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EXCLUSIVE: Just Stop Oil protestors 'incredibly brave' for scaling M25 gantries - Green Party peer

JUST Stop Oil (JSO) activists are "incredibly brave" for scaling gantries on the M25 and bringing traffic to a standstill, a Green Party peer has claimed.

Baroness Jenny Jones said she had taken part in many protests but would not be able to do what the protestors, who staged four days of motorway action from Monday, had done.

They included JSO activist Louise Harris, 24, (above) who made headlines after an emotional "I have no future" speech about why she scaled a gantry was broadcast this week.

She said: "I think it's incredibly brave what they do. They don't try and escape arrest, they are actually happy to be accountable for everything they do and it's the same for Extinction Rebellion and insulate Britain these people have got a cause because they care about the climate emergency that's happening... it is coming at us like a steam train and we have to make it clear to all of society that it's happening."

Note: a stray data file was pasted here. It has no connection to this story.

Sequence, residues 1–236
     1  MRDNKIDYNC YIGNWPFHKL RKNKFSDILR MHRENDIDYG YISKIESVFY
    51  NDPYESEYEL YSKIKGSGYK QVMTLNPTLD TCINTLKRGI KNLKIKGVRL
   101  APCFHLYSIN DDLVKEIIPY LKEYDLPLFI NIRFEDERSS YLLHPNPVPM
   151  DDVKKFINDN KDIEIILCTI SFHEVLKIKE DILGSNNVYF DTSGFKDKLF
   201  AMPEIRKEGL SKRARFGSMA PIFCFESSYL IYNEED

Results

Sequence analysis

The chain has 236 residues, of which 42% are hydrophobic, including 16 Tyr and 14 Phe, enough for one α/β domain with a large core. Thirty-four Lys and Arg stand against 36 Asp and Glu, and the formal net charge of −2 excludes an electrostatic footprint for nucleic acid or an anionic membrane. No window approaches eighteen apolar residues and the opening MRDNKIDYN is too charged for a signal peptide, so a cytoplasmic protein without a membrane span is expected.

Baroness Jones (below) said the action had raised the profile of the climate change debate.

She said: "I had load of media interviews to talk about climate change simply because of these tactics.

How else do you get it on the agenda when you have got a Government that does not understand it?"

Her comments were made in a debate on policing protests at the Association of Police and Crime Commissioners (APCC) and National Police Chiefs' Council (NPCC) summit in Westminster on Thursday.

During the debate, Staffordshire Police Chief Constable Chris Noble, (NPCC) lead on protests, said JSO activists were being helped by "top lawyers" who know "loopholes" to avoid them being charged or prosecuted.

The warning came as there were calls for protestors who cause significant disruption, such as bringing the M25 to a standstill, to be classed as organised criminals so assets can be seized.

It followed four days of action that closed parts of the motorway from last Monday after activists chained themselves to gantries.